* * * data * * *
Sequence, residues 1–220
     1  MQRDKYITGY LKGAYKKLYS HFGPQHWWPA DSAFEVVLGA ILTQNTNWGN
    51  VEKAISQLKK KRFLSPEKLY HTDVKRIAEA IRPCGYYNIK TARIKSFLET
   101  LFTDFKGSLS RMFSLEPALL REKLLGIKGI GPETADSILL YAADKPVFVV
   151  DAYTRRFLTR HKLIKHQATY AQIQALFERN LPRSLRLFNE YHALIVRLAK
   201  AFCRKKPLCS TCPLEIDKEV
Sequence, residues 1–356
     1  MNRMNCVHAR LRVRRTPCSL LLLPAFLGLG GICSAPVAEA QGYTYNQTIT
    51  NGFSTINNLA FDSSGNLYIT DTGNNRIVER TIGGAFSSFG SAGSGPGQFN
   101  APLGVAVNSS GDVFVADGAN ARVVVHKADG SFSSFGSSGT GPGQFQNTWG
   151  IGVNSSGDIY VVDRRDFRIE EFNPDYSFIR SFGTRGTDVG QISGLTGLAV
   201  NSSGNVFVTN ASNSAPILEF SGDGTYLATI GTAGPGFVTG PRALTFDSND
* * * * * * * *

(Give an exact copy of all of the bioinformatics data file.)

Sequence, residues 1–220
     1  MQRDKYITGY LKGAYKKLYS HFGPQHWWPA DSAFEVVLGA ILTQNTNWGN
    51  VEKAISQLKK KRFLSPEKLY HTDVKRIAEA IRPCGYYNIK TARIKSFLET
   101  LFTDFKGSLS RMFSLEPALL REKLLGIKGI GPETADSILL YAADKPVFVV
   151  DAYTRRFLTR HKLIKHQATY AQIQALFERN LPRSLRLFNE YHALIVRLAK
   201  AFCRKKPLCS TCPLEIDKEV
Sequence, residues 1–356
     1  MNRMNCVHAR LRVRRTPCSL LLLPAFLGLG GICSAPVAEA QGYTYNQTIT
    51  NGFSTINNLA FDSSGNLYIT DTGNNRIVER TIGGAFSSFG SAGSGPGQFN
   101  APLGVAVNSS GDVFVADGAN ARVVVHKADG SFSSFGSSGT GPGQFQNTWG
   151  IGVNSSGDIY VVDRRDFRIE EFNPDYSFIR SFGTRGTDVG QISGLTGLAV
   201  NSSGNVFVTN ASNSAPILEF SGDGTYLATI GTAGPGFVTG PRALTFDSND